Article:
William C. McDowell

Many Collingwood citizens watching and hearing about the events leading up to council’s decision to launch a judicial inquiry into the 2012 sale of 50 percent of the town’s utility to PowerStream had never heard of lawyer William McDowell.

Mr. McDowell has held many prestigious positions as one of this country’s leading lawyers and has participated in many high profile cases.


The Town of Collingwood hired Mr. McDowell to look into details of the 2012 sale of 50% of Collus to PowerStream.

He presented his findings at the regular council meeting on Monday February 26th.

“For a number of years I was Associate Deputy Minister of Justice of Canada and in that capacity I both assisted with the design of a number of public enquiries and the oversight of recommendations and implementation of recommendations that were handed down. In August or so of 2015, I was asked by the then Chief Administrative Officer of Collingwood to do a high level review of the share purchase transaction of the utilities of Collingwood, the Collus group of companies. And so I reviewed a number of documents, several banker’s boxes worth of documents, and the purpose of the review was to provide recommendations as to whether or not it would be in the public interest of the citizens of Collingwood to have a more formal inquiry of the matters with which the transaction was concerned. It is my tentative conclusion that council may wish to consider a more formal inquiry namely an inquiry pursuant to section 274 of the Municipal Act.”

At one point during Monday evening’s council presentation, Councillor Bob Madigan asked Mr. McDowell to outline his background to give the public a better understanding of his accomplishments to date.

“I have been a litigation lawyer, I guess I’m in my 31st year of doing that. I practiced at McCarthy & McCarthy, later McCarthy Tétrault until 2005. In 2005 I became Associate Deputy Minister of Justice for Canada dealing with, among other things, central agencies, civil litigation and national security questions, and in that capacity I dealt with the Arar inquiry (he is the joint recipient of a Department of Justice National Award for his work in resolving the Maher Arar vs. Canada case) with the Air India inquiry, the Milgaard inquiry and others.“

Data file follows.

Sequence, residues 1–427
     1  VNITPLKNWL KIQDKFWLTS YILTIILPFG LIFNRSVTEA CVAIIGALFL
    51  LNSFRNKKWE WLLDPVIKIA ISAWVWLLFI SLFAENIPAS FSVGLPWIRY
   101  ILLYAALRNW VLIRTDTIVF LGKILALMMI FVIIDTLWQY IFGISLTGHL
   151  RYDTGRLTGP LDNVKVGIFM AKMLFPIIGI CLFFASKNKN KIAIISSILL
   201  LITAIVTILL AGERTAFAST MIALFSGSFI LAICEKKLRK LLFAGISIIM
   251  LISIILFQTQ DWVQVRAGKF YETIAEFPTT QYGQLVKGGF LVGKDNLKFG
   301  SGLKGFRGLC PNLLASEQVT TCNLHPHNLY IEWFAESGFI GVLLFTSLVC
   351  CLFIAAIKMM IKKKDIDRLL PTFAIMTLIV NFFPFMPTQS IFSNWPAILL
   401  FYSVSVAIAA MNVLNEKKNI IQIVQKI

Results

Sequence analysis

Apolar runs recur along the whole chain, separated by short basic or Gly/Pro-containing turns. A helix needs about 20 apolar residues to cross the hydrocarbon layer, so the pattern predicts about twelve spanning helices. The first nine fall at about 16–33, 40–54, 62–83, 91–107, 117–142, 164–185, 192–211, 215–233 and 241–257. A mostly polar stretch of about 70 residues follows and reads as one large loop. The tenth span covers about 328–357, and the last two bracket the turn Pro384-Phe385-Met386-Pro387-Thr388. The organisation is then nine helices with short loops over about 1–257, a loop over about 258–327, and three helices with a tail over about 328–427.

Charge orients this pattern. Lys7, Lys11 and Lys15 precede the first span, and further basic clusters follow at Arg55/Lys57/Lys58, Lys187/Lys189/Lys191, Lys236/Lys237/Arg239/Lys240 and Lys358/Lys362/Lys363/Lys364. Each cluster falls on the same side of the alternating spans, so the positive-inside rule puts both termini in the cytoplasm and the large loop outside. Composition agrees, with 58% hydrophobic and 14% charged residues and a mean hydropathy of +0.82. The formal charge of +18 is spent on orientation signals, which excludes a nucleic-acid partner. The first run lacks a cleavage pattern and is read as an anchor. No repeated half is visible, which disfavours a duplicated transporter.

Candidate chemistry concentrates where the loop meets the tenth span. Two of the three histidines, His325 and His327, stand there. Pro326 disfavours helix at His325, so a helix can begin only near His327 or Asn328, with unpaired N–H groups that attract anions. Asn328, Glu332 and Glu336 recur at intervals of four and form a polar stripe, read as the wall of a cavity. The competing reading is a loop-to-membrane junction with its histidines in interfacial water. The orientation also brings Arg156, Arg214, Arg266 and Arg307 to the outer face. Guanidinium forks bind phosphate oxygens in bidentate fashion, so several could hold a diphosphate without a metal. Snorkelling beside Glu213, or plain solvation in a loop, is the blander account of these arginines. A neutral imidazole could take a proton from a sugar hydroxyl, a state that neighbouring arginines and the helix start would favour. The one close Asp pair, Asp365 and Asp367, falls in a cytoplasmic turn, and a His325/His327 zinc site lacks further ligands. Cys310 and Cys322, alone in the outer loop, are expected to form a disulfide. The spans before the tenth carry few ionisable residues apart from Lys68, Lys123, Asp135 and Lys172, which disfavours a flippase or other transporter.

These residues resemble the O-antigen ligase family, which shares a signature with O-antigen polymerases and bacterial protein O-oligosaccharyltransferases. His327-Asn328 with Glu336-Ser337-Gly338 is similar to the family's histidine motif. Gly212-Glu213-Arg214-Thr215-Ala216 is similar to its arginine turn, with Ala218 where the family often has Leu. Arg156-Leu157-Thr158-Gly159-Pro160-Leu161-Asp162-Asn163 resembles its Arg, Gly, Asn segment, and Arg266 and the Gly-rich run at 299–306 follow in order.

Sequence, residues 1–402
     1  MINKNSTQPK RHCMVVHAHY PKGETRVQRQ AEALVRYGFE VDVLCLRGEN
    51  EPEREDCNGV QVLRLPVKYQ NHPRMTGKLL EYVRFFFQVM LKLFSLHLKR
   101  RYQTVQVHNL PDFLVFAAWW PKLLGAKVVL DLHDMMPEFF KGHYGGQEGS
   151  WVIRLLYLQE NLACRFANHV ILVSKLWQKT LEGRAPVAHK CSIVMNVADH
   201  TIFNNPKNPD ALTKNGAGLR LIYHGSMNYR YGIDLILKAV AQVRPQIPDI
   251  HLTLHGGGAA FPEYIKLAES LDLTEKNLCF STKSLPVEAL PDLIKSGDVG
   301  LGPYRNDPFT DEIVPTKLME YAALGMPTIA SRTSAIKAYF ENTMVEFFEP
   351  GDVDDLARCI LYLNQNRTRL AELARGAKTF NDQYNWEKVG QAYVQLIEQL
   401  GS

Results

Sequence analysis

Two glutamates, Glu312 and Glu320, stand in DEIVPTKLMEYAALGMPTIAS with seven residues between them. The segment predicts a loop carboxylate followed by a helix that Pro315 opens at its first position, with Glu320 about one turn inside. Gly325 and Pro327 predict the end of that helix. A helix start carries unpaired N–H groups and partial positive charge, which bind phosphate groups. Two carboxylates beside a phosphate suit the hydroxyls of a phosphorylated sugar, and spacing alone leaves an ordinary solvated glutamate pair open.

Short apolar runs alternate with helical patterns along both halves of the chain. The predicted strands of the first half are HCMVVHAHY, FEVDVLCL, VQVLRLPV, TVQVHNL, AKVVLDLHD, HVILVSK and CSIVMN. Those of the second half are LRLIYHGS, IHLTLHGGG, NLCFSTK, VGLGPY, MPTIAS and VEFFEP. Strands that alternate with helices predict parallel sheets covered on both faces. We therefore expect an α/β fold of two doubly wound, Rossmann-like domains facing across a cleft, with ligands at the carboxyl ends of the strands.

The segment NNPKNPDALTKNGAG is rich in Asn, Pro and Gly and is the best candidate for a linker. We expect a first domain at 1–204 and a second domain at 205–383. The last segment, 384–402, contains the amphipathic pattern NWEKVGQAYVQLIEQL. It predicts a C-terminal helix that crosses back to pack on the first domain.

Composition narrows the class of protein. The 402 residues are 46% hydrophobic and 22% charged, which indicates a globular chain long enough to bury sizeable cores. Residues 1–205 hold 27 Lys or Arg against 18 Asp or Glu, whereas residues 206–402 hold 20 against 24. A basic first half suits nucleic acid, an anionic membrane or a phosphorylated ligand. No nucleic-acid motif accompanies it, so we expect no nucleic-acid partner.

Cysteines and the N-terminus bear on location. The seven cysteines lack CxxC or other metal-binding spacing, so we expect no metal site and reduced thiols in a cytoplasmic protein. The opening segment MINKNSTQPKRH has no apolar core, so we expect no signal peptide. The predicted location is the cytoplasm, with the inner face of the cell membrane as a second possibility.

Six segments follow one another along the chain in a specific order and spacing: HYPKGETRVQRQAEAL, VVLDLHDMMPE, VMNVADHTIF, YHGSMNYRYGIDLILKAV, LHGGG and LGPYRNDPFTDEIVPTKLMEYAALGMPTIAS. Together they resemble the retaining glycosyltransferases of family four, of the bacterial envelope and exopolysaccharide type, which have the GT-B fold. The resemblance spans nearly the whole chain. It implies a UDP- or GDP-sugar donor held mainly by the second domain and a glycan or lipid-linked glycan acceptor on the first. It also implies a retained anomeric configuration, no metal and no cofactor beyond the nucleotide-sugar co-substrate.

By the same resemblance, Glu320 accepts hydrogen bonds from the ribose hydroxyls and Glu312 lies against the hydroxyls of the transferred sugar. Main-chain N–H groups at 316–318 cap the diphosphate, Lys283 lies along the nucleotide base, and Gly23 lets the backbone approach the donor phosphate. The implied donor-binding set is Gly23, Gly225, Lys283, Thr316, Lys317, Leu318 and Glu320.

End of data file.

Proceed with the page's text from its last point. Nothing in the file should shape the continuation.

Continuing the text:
In 2008, McCarthy was appointed by the Chief Justice of Ontario to mediate issues arising from the Truth and Reconciliation Commission Inquiry into Aboriginal residential schools. He was subsequently appointed to an Amicus role by the Superior Court in connection with a series of land occupations in Brantford.

Mr. McDowell also acted as counsel to a corporate party in the 2002-2003 Waterloo judicial inquiry and in 2009 he was named Chief Commission Counsel to the City of Mississauga Judicial Inquiry, which delivered its report in October 2011.


“I am now the Lead Commission Counsel to the Wettlaufer inquiry looking in to the serial murders of the nursing home patients in southwestern Ontario.”

The Long-Term Care Homes Public Inquiry was established on August 1, 2017, by Order in Council Elizabeth Wettlaufer’s conviction of eight counts of first degree murder, four counts of attempted murder and two counts of aggravated assault; offences she committed while working as a registered nurse in Long-Term Care Homes.

Mr. McDowell has also been honoured by the University of Toronto for many years of volunteer efforts on behalf of his alma mater. He is a frequent contributor to professional conferences as a speaker as well as a writer and has taught trial advocacy at Queen’s University and Osgoode Hall law schools.

Eight Lenczner Slaght litigators including William McDowell have been recognized by their peers and senior members of the legal profession for their excellence in Corporate Commercial Litigation in the 2018 Lexpert®/American Lawyer Guide to the Leading 500 Lawyers in Canada.





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